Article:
Google is to add privacy labels to its iOS app portfolio to provide users with a simple summary of the app’s data tracking practices.
Last month Apple implemented a ‘nutrition label’ for apps on its App Store to explain to the user just what the app will do with their personal data, in a move that advertisers are not all happy with.
And now in a further blow to advertisers, TechCrunch has confirmed Google is not opposing these privacy labels, and is in fact preparing to them roll out across its iOS app portfolio as soon as this week or the next.
This means that Gmail for iOS, or Google Search or iOS, will soon carry labels explaining to users how data is collected and used to track them.
It comes after it was reported elsewhere in the media that Google has slowed down updating its iOS apps, because it was not ready to be transparent about the data it collects from its users.
But now it has been confirmed that Google is not opposing Apple’s requirement for privacy labels, even though the search engine giant makes most of its money from advertising.
A Google spokesperson confirmed to Techcrunch that the company has a plan to add privacy labels across its app catalogue. They also confirmed the labels are expected to begin rolling out as soon as this week or next week, though an exact date is not yet available.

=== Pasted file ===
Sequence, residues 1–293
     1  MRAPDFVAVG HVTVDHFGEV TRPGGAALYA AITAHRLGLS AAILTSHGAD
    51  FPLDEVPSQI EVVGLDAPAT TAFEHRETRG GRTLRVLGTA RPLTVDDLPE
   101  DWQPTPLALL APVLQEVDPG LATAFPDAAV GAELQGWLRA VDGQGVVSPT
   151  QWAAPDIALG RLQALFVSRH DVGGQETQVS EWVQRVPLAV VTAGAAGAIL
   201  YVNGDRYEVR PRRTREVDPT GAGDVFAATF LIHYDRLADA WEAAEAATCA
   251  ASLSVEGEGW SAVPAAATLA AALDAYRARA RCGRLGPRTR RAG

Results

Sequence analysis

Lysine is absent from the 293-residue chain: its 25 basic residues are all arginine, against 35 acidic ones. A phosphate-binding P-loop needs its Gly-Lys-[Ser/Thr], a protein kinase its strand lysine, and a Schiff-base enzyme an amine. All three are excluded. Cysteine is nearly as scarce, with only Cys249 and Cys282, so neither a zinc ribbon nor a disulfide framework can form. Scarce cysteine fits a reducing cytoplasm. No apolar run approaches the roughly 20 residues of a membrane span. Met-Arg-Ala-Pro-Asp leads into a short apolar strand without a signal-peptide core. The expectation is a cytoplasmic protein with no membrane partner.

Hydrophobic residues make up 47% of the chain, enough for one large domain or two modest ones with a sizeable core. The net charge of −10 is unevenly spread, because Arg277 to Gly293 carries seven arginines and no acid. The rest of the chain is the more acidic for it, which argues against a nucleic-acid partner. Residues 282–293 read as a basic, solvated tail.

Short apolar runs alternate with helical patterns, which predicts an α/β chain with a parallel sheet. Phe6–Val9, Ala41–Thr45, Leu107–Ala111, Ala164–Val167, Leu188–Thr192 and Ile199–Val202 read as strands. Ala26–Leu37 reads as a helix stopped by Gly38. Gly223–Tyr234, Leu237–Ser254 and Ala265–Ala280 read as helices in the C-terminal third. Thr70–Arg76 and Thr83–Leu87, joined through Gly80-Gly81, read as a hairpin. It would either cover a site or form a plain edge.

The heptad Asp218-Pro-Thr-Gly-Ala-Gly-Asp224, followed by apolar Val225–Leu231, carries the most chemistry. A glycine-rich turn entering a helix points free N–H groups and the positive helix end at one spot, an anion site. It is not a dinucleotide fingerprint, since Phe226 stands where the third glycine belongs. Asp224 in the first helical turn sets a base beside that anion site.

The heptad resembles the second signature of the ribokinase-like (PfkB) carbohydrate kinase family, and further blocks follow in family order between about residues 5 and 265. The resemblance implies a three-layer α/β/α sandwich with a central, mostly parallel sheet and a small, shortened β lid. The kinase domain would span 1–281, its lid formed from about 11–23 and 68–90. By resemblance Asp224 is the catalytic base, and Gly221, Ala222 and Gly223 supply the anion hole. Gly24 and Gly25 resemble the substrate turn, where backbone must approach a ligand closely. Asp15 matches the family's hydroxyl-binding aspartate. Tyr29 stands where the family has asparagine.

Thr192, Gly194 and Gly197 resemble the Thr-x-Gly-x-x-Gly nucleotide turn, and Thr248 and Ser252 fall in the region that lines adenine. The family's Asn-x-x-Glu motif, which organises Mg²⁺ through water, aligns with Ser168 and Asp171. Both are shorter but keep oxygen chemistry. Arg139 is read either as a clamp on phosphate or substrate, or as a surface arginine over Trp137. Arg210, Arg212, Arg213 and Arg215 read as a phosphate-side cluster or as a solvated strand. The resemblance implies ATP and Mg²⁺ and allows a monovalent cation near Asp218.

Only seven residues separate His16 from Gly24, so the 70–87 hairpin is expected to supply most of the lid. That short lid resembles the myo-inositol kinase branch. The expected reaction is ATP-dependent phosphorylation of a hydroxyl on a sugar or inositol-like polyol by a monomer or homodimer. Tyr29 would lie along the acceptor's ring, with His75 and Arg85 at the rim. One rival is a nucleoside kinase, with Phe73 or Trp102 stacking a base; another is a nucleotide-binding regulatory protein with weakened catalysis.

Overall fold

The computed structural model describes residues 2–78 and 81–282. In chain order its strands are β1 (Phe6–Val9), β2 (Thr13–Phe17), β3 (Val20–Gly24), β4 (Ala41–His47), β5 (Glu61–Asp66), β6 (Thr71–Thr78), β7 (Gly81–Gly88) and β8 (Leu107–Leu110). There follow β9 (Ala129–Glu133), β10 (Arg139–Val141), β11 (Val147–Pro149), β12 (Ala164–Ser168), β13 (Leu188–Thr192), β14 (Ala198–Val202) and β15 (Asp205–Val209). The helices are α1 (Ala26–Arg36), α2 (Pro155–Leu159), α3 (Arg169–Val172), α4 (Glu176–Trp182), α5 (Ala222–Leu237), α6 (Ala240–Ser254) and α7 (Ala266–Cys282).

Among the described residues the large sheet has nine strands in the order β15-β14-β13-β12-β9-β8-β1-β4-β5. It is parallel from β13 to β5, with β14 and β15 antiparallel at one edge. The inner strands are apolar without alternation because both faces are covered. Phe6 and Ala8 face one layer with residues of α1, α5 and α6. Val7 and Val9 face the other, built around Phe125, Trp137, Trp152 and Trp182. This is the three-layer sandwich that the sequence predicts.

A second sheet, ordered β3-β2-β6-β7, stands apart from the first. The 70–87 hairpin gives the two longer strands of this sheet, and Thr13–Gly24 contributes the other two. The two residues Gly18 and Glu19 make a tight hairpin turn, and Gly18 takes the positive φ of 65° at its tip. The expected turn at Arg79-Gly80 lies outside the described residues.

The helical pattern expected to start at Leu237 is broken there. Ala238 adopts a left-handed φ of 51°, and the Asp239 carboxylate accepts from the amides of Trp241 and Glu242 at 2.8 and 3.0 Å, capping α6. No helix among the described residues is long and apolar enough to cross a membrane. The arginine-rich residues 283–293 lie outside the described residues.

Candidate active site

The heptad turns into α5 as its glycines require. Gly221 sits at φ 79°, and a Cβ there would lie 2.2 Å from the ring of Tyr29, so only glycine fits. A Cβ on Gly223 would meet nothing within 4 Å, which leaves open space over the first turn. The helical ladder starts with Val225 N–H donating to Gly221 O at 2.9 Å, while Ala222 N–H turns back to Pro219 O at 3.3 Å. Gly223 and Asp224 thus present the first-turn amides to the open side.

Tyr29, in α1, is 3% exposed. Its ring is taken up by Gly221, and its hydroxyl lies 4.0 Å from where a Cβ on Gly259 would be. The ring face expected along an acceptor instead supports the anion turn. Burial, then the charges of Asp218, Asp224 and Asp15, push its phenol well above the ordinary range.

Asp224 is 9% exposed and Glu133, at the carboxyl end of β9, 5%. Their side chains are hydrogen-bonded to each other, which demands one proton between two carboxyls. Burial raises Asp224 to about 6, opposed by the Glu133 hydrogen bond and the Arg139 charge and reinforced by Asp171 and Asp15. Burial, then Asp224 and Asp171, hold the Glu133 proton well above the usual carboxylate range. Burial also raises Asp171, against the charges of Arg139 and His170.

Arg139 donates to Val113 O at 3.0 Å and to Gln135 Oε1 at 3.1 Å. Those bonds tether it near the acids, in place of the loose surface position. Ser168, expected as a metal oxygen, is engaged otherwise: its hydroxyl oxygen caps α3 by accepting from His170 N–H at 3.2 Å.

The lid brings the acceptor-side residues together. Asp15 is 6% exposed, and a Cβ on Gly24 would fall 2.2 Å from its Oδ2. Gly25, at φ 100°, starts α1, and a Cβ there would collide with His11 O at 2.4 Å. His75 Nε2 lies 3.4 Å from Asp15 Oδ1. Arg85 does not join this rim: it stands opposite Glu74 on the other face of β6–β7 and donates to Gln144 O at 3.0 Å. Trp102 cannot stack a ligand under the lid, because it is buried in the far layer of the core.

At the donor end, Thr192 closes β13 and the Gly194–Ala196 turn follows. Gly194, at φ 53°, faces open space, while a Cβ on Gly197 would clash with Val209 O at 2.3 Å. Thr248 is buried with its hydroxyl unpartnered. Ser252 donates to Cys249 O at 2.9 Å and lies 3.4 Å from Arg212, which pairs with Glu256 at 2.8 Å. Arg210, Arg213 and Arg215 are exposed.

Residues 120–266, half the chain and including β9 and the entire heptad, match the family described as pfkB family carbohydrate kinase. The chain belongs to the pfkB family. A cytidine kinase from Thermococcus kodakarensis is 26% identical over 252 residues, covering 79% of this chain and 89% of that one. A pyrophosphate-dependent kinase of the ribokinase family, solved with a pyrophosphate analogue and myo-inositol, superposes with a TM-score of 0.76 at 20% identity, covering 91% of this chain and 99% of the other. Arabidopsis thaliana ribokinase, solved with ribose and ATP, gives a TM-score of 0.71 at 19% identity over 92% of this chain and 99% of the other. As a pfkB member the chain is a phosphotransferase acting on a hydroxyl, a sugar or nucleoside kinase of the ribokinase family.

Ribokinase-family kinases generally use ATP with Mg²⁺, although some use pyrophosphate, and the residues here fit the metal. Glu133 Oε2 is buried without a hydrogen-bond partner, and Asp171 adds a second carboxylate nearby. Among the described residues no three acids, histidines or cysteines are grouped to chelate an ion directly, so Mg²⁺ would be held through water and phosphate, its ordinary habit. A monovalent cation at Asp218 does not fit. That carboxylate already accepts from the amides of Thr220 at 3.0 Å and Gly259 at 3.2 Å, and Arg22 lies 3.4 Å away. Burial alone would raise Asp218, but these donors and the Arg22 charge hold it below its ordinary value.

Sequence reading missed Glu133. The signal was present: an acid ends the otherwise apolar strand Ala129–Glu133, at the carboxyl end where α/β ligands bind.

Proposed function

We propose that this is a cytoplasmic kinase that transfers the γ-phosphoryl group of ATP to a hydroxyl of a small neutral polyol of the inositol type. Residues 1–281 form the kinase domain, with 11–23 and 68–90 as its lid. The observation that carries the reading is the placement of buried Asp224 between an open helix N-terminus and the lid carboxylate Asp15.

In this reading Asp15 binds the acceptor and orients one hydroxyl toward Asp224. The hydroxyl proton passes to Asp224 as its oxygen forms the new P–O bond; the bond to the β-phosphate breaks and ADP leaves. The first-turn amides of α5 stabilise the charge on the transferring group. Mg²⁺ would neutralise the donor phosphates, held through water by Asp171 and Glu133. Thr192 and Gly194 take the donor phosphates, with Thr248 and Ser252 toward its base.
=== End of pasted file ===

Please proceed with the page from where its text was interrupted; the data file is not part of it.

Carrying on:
But make no mistake, there is plenty of unease with Apple’s move to clearly explain how apps use people’s data.
Alarm for advertisers was triggered at Apple’s annual World Wide Developers Conference (WWDC) in June 2020, when the iPhone maker revealed that with iOS 14, app developers would need to provide more information about the data they collect on users, with Apple displaying a summary of how apps use data such as location or tracking information.
Essentially, apps would be required to show a pop-up label before they enable a form of tracking commonly needed to show personalised ads. Essentially the labels will detail financial and location information, to browsing and purchase history.
Apple said that the new feature was aimed at giving users greater transparency over how their information is being used.
Apple’s move did not go down well with advertisers, and in July 2020, a group of European digital advertising associations criticised Apple for not adhering to an ad-industry system for seeking user consent under European privacy rules.
And Facebook (which depends on advertising for a large portion of its revenues) is also not a fan.
In August 2020 Facebook warned that while Apple’s new privacy rules would spare its own apps, including WhatsApp and Instagram, it would impact smaller developers.
Apple in September last year said it would delay the implementation of its new privacy controls, after the pushback from both Facebook and advertising associations.
Despite that delay, the iPad maker went ahead and implemented the new privacy controls in mid December.
Microsoft and FireEye identify three custom-made hacking tools deployed onto networks by 'sophisticated' group behind…
Tim Wu appointed as adviser on technology and competition policy, signalling hard line on 'abuse…
On International Women’s Day, Silicon UK speaks to one woman who has made tech her…
Grocery delivery app Instacart reportedly considers bypassing IPO in favour of direct listing amidst surging…